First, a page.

Sky's grip on viewers a big challenge for new players in TV wars

Spark CEO Simon Moutter. Photo / Dean Purcell
Spark CEO Simon Moutter. Photo / Dean Purcell

Spark boss Simon Moutter was talking up growth prospects for new digital TV service Lightbox as the company formerly known as Telecom delivered its annual result yesterday.

But a strong result from Sky TV, also out yesterday, highlights just what a challenge new operators face if they are to shake the incumbent pay TV operator's dominance of the market.

Moutter said that Lightbox aimed to get 70,000 customers by June 30 next year. To put that in perspective, Sky had 865,000 subscribers at the middle of this year.

If Sky's business model is threatened by the trend for downloading programmes such as Game of Thrones and Breaking Bad, the results hardly show it.

The company reported a 1.1 per cent rise in subscribers and a 21 per cent increase in profits to $165.8 million.

Sky TV chief executive John Fellet told analysts its recent move into the internet TV market was a positive step, not a defensive one.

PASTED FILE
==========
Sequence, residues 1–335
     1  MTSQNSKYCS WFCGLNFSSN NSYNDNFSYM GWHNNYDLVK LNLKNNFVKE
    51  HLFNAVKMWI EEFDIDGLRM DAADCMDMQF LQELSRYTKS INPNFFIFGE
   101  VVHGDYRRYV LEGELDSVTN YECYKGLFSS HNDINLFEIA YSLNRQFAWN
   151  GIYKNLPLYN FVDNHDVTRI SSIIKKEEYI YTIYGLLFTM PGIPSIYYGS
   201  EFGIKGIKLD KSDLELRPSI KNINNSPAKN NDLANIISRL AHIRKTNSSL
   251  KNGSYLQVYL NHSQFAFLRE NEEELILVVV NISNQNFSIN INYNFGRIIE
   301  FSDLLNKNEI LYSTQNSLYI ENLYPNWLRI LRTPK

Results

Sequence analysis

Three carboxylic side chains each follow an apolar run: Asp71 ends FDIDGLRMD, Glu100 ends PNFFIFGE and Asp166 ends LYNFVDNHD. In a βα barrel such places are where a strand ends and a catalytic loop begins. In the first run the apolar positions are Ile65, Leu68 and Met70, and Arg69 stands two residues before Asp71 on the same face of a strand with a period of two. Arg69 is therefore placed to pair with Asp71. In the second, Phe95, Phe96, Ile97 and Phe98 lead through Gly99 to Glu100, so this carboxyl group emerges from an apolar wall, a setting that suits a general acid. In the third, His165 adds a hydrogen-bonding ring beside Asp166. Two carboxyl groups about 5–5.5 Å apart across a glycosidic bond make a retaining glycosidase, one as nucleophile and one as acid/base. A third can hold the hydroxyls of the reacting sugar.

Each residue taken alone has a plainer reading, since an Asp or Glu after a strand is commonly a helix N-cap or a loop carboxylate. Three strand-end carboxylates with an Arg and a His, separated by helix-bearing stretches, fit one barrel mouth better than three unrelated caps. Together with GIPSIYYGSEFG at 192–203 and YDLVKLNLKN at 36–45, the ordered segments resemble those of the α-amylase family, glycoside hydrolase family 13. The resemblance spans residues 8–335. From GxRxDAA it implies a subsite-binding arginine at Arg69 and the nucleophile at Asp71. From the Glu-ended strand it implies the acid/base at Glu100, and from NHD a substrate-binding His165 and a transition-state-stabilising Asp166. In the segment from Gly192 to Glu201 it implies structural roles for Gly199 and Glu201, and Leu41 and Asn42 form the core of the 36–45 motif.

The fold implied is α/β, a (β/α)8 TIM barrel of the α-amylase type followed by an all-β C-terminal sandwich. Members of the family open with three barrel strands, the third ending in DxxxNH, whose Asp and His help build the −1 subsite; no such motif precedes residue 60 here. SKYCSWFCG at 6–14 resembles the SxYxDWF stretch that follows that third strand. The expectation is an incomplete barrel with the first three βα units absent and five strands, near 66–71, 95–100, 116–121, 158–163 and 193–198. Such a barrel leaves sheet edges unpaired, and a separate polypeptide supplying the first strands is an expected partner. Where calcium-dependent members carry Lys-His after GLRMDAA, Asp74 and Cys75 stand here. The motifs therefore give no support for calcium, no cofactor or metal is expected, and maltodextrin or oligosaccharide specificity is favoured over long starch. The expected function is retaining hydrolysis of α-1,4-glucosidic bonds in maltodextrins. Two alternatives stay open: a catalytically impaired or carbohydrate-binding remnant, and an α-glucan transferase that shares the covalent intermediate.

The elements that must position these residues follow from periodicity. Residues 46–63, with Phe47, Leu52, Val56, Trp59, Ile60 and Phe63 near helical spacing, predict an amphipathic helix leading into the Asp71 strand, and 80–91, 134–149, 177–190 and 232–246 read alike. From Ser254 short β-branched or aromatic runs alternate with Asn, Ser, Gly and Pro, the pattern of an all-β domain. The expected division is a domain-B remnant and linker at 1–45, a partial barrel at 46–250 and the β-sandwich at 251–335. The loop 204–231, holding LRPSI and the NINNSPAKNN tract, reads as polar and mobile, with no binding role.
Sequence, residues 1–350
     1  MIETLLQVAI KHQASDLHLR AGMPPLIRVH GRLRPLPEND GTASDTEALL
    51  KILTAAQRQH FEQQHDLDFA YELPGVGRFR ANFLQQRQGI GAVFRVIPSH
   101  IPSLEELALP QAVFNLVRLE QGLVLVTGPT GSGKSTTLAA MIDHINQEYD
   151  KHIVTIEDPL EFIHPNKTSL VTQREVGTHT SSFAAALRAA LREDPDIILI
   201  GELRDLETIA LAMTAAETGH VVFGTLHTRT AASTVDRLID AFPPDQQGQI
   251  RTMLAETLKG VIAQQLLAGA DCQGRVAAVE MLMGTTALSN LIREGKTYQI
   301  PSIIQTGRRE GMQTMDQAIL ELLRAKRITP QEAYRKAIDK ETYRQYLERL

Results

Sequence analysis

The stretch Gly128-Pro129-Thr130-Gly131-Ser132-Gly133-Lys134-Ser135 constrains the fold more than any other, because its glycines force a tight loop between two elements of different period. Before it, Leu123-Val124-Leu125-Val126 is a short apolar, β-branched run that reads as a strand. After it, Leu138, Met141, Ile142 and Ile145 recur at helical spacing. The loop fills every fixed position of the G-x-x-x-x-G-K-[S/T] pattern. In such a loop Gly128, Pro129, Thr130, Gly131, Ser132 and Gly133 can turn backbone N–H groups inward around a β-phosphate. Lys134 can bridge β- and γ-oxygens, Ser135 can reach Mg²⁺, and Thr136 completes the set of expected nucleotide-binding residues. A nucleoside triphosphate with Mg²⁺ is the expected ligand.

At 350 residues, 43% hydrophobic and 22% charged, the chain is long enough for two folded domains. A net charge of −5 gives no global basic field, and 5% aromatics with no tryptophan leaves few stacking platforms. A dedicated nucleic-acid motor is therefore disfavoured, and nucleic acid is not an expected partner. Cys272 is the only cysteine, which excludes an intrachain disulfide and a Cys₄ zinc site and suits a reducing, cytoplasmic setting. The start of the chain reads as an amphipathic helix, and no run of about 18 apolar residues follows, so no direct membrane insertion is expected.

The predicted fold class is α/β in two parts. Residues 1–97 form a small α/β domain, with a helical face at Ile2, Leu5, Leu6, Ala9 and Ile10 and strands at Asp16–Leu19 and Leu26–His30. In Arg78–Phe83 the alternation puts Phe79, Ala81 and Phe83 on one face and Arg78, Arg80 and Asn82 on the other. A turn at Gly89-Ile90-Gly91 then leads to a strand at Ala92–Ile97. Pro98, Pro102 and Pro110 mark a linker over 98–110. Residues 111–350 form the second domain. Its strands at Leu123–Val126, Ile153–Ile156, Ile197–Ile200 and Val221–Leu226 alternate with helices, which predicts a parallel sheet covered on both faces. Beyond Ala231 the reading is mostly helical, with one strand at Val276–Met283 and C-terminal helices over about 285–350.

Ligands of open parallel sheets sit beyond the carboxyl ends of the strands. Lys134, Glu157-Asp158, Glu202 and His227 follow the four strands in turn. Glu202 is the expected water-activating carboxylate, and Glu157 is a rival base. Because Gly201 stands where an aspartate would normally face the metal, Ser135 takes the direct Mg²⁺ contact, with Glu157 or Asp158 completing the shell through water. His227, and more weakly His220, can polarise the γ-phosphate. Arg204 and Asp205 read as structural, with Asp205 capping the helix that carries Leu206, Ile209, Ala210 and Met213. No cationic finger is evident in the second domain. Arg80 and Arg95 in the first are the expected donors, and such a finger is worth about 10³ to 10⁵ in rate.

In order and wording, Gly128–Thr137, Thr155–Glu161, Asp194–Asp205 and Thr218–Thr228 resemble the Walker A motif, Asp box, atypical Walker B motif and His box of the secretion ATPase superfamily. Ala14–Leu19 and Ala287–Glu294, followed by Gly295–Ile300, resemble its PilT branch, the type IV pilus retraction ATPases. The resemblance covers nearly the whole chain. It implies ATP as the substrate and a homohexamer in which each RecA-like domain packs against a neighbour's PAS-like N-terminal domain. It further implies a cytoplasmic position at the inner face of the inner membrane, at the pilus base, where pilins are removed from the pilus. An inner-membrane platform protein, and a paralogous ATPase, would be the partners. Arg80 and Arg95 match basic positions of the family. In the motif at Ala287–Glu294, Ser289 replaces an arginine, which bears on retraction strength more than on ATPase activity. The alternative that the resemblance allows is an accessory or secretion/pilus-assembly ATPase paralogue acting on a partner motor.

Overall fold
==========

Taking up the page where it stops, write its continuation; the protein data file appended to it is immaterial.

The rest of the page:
Fellet said he did not see internet TV as a new mainstream for pay TV and pointed to the resilience of standard linear pay TV in the US market.

In San Jose - in the centre of Silicon Valley - where there were all manner of new media pay technologies, 95 per cent of viewing was still through traditional pay TV, he said.

Fellet said competition for internet TV on demand was a small part of the pay TV market. Sky's own service was aimed at a wider market than just existing subscribers and will be running by the end of the year.

Moutter did not want to speculate on when Lightbox - on which Spark has spent $20 million to date - would break even.

"We are launching a new venture, we don't know what customer appetite will be like and we're going to have to feel our way as we go," he said.

However, Moutter said if the service was "very successful", Spark could put more money and effort into it. "If we get a really strong uptake, we'll increase our efforts not just sit on our coat-tails," he said.

Meanwhile, Spark reported a net profit of $458 million, up 94.1 per cent for the 12 months to June 30, when taking into account AAPT, the telco business it sold in Australia this year. It has targeted the mobile market as a key area for future profits.

- NZ Herald

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